Less than a month before the June 24 date on which Saudi Arabia will officially lift a decades-old ban on women drivers, the kingdom introduced a law on Wednesday that criminalizes sexual harassment.
It is “a very important addition to the history of regulations in the kingdom,” Shura Council member Latifa al-Shaalan, a woman, was reportedly quoted as saying on Wednesday after the Saudi Kingdom’s Shura Council, which advises the cabinet, passed a draft law that seeks to introduce a prison term of up to five years and a maximum penalty of 300,000 Saudi riyals (or $80,000 USD) for anyone found guilty of sexual harassment.
“It fills a large legislative vacuum, and it is a deterrent,” al-Shaalan reportedly added.
The sexual harassment legislation requires a royal decree to become law. It is the latest introduction by Saudi Arabia’s Crown Prince Mohammed bin Salman (MBS), who is seen as a reformist.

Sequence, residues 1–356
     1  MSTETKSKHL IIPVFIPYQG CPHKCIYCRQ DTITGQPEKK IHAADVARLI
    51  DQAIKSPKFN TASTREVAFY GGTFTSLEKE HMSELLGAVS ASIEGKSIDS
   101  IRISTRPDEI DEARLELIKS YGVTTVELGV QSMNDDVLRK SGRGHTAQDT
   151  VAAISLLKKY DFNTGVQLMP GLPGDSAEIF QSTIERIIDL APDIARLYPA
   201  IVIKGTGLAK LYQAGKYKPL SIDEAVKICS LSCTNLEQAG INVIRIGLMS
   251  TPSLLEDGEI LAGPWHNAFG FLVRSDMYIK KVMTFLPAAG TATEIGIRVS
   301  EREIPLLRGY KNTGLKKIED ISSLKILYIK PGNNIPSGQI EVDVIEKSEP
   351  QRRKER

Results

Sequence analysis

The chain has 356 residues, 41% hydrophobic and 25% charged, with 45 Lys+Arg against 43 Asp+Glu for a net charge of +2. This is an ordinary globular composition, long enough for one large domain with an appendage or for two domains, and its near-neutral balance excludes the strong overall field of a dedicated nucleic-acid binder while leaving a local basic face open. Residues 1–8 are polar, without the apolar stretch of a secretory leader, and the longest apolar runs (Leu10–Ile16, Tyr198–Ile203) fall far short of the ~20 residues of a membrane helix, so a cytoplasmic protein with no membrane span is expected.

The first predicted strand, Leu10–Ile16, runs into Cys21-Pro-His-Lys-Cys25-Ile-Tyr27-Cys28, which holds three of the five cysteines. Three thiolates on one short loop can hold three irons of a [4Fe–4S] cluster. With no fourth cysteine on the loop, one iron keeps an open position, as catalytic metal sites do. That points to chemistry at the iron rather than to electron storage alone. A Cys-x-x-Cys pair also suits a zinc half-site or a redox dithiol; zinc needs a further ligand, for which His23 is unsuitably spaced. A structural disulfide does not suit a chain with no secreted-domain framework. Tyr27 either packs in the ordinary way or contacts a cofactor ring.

While preceding the lifting of the driving ban, the law was introduced in the midst of a crackdown on women’s rights activists.
According to the Middle East Eye, “at least 11 detained in the days leading up to this latest measure criminalizing sexual harassment.”
“The Saudi government seems so consumed with silencing dissent that even activists who have gone quiet for fear of retribution are being targeted again,” Sarah Leah Whitson, the Middle East director at Human Rights Watch, reportedly said.
She added, “The Saudi authorities should be concerned that the chill created by this new wave of repression will lead the country’s allies to question how serious Saudi Arabia is about changing its approach to women’s rights.”